Mormon studies, book review, religion, sex, Bible, theology
Once, while serving as a military chaplain, I attended a training event in Colorado Springs. There we toured the world headquarters of the Evangelical "Focus on the Family" ministry. Our friendly guide explained to us that their organization existed to promote the "biblical model" of the family in the modern world. A cheeky question popped into to my mind: "By 'biblical model' do you mean the polygamy practiced in the Old Testament, or the celibacy encouraged in the New Testament?" But I held my tongue, as I wanted to be a polite guest. But since this event, I have often reflected on how many ways the Bible has been used in contemporary discussions over policies regarding the family, marriage, and sexuality.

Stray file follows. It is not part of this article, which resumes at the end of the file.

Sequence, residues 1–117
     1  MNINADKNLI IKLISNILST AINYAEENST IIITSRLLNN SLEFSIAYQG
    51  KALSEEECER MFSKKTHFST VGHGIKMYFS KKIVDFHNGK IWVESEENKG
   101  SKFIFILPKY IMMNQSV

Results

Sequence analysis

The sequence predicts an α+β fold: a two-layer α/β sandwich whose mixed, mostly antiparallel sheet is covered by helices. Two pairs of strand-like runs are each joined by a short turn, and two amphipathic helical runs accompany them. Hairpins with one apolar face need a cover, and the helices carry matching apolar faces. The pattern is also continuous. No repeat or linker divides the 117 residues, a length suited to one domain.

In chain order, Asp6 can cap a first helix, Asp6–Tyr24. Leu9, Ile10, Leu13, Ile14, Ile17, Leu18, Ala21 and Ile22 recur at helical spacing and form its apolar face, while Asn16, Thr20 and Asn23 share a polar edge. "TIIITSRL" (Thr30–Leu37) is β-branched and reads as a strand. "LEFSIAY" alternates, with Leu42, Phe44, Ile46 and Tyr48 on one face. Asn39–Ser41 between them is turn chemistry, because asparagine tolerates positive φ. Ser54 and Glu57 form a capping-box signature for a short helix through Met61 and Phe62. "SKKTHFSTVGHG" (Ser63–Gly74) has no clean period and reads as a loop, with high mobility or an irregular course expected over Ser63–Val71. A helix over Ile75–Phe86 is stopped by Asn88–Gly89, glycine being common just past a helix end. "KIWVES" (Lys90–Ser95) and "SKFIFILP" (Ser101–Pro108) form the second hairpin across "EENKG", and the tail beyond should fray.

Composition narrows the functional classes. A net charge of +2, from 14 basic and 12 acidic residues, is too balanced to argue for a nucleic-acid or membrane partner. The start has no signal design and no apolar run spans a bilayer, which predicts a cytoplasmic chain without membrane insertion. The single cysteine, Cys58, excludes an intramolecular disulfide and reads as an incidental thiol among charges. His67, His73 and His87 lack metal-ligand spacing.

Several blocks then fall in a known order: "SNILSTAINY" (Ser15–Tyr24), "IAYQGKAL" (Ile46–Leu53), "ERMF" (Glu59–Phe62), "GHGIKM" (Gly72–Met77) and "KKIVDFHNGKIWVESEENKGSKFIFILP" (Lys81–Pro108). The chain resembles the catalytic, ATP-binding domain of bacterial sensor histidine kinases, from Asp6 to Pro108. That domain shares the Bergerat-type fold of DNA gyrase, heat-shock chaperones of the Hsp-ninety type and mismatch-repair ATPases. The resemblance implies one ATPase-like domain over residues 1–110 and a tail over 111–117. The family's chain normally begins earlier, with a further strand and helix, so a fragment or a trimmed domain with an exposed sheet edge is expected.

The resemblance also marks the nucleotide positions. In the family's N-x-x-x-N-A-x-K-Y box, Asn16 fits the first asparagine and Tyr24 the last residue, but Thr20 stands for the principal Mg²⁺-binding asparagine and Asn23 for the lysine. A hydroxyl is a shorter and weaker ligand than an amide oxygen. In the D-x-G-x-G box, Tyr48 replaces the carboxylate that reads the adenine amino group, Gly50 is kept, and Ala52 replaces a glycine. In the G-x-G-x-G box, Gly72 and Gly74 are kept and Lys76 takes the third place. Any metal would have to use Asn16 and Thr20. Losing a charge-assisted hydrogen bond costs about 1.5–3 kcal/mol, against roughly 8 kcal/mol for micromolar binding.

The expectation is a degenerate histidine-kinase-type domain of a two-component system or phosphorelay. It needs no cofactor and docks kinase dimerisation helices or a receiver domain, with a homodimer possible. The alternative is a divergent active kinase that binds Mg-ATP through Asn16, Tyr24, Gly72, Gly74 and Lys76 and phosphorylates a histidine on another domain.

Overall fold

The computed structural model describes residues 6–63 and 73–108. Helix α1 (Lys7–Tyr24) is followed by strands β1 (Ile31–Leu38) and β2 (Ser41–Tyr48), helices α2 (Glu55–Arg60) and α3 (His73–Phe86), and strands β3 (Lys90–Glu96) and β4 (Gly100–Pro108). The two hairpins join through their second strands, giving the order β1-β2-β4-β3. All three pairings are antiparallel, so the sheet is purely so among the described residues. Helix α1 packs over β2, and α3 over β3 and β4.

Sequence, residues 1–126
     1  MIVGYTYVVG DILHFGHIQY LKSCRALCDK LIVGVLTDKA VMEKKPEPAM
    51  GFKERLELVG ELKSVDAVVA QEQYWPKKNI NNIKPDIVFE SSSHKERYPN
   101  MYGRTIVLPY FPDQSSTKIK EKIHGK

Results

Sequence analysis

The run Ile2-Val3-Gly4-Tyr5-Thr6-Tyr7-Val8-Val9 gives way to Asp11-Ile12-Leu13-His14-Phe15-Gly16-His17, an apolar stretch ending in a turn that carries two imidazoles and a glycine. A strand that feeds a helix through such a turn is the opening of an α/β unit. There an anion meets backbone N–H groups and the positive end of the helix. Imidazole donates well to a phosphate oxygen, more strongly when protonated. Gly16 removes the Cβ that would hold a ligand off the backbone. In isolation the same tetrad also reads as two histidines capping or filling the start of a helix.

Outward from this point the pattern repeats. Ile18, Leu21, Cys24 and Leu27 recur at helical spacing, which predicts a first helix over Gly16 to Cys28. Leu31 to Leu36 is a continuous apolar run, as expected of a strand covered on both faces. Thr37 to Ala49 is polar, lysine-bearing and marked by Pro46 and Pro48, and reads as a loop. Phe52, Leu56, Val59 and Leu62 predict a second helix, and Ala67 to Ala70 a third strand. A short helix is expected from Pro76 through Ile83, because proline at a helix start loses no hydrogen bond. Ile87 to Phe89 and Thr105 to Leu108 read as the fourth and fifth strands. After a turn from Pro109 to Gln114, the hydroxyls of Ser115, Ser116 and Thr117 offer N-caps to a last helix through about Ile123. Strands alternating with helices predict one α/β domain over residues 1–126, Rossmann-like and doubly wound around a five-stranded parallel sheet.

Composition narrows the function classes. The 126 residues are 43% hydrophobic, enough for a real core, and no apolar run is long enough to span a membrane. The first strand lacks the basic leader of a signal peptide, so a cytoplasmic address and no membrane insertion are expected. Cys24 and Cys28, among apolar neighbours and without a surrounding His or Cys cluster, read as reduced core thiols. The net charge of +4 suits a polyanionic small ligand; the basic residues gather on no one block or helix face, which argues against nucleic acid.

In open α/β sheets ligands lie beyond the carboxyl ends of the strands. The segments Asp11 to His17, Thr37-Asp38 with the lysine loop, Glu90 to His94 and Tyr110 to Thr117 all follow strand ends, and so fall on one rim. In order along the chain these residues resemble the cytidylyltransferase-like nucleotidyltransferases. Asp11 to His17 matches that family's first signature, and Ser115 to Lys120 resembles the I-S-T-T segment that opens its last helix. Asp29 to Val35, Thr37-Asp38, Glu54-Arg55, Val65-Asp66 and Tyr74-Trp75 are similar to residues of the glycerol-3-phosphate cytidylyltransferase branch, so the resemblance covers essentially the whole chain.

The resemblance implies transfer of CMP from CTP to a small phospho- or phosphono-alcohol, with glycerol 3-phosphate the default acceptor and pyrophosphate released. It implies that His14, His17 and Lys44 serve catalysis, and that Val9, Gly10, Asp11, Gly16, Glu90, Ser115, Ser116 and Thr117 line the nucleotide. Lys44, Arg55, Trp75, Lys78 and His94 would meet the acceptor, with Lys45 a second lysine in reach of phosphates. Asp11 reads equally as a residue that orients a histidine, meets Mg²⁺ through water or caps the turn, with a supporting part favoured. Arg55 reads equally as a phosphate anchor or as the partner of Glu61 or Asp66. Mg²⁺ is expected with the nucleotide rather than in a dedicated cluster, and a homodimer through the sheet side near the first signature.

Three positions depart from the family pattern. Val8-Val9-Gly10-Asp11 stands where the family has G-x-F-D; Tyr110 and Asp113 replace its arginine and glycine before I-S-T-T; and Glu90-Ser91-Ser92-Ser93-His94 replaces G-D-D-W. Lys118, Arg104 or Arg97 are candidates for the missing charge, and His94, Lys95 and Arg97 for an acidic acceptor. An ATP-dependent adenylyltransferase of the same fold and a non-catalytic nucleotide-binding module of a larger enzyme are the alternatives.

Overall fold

As Latter-day Saints, we have the teachings of the living prophets to help guide us through these issues. But many potential allies and adversaries use the Bible centrally in their arguments about these topics. Since we count the Bible as scripture too, it might behoove us to stay up to speed on what people are claiming the Bible says. One voice in this matter who speaks with considerable clout is Harvard's Michael Coogan, editor of the acclaimed Oxford Annotated Bible and author of a slim and handy volume, God and Sex: What the Bible Really Says, where he brings his training to bear to explain what the Bible's authors and earliest readers likely saw as its message about the regulation of sex and family relations.
Coogan, Michael and Eliason, Eric A.
"God and Sex: What the Bible Really Says,"
BYU Studies Quarterly: Vol. 50:
1, Article 15.
Available at: https://scholarsarchive.byu.edu/byusq/vol50/iss1/15